“My first memory of PKU, I think is in kindergarten,” Eva recalls. “I remember just noticing that I had a closer relationship with the lunch lady than any of the other kids – and I remember thinking, why am I the only one?”
Even from a young age Eva recalls the feeling of being different from her peers, “I felt uncomfortable sitting at the table, everyone was eating something and I was eating something that looked weird. Sometimes I got comments like – ‘what is that? That looks like poop’,” from the other kids.
One of the major symptoms associated with unmanaged PKU is brain damage and cognitive difficulties which can carry into adulthood if unaddressed. For this reason it can be difficult for patients to differentiate between the disease symptoms and general mental health.
“It’s hard because you never know… I’ve had some difficulty with concentration, especially in school, and I will never know if that is because of PKU or if it’s just who I am,” says Eva.
Despite having come to terms with her diagnosis, Eva has concerns about her future, particularly around her ambition to travel outside of Stockholm; “the scary part is I don’t know what would happen [if I leave Stockholm] and it would depend where I go, but it’s far from certain I’d have the same [support] in another country, or even in another region within Sweden. I feel very trapped knowing that even if I moved a few miles away I wouldn’t know what’s possible.”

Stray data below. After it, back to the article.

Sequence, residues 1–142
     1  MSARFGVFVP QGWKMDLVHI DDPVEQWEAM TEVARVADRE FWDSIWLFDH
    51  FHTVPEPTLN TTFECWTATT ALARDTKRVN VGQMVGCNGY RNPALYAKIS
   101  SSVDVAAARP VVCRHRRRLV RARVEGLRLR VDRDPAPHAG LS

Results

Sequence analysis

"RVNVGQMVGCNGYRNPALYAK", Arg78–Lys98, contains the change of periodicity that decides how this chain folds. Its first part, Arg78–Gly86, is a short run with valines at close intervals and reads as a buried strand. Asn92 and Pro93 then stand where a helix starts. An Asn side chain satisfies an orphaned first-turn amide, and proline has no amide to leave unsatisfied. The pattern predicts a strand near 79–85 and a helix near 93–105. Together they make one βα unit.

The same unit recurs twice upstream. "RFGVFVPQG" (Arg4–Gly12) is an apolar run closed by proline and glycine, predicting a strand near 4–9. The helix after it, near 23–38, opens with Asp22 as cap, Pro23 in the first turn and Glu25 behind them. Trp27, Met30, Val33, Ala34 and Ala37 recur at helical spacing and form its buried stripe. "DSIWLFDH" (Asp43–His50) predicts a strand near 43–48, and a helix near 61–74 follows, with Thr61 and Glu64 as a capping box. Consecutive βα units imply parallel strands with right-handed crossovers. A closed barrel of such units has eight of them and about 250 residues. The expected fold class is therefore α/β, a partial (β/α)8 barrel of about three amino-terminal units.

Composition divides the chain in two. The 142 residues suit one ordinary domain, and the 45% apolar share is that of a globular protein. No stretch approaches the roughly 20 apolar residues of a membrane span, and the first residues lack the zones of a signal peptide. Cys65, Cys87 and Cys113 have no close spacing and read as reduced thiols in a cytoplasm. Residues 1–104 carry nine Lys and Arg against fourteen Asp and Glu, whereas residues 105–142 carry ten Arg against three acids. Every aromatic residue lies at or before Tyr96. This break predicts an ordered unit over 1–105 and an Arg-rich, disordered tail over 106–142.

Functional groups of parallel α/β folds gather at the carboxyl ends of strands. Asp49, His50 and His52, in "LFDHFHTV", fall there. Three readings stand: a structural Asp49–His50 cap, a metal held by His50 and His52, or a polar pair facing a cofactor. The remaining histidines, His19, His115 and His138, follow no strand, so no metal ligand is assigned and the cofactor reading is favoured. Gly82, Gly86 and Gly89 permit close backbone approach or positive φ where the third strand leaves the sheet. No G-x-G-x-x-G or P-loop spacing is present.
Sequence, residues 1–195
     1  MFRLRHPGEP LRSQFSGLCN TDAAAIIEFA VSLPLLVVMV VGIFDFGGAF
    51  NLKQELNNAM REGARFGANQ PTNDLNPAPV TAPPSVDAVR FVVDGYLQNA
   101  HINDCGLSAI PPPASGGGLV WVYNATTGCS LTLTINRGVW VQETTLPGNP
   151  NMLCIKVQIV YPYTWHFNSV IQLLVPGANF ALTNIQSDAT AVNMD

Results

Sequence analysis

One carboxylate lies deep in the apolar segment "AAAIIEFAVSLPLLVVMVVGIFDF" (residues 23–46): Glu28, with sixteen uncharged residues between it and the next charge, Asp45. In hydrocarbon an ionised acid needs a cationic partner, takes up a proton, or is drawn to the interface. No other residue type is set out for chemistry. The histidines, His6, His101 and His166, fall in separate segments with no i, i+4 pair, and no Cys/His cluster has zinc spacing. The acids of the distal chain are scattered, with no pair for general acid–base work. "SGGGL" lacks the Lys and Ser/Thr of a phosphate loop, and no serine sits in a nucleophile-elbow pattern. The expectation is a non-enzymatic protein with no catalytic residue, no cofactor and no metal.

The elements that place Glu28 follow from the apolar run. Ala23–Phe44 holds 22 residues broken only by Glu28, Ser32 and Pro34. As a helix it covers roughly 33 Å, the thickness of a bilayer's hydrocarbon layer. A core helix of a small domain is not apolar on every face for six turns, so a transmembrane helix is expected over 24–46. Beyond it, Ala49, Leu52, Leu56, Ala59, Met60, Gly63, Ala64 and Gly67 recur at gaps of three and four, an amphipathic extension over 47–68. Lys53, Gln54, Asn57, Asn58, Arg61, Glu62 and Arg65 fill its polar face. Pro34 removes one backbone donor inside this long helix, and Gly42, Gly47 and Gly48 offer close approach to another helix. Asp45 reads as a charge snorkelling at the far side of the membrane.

The difficulty of understanding and managing PKU, particularly through turbulent teenage years is something most PKU patients can relate to – particularly given the discrepancies and transition between child and adult care.
“I had more regular contact when I was little, then we almost had a personal relationship with our doctors, I remember them very fondly. They’re both retired now.”
“I felt like the older I get the less attention I get. It gets more and more confusing as to know what’s going to happen next. Who’s going be my doctor? Who am I going to meet? Who knows about my blood test? Just confusion in general I think. Between the age of 18 and 20, which I am now, I was still treated as a child patient even though I was technically a grown-up and I think that just shows that there’s really no one to receive me, it felt like I was leaving one doctor, but there was no new doctor to help me.”
It’s this current gap in the transition of care that Eva bases her advice for future PKU patients on; those going through the child to adult transition – and preparation is her message.
“When you’re coming up to the ages of the teenage years, of maybe 15, 16, start preparing for the transition way ahead. Ask your doctors who’s going to take care of me then and what’s going to happen so they get that it’s important to you and you still have support. I wasn’t prepared, I didn’t even know that I was going to change doctors.”
Although Eva has a good quality of life and makes the most of her opportunities, she is concerned about the future.
“We’re going to get older and we’re going to discover what happens, but because it’s such a rare thing, I get that not many people are interested. But it feels unfair that just because I have a rare disease I’m not given the same amount of help and support as other people.”
“I think the biggest challenge is maybe accepting I have PKU, because it’s so rare – but it did happen to me. It’s something I think about from time to time; like, what are the odds? But, it happened.”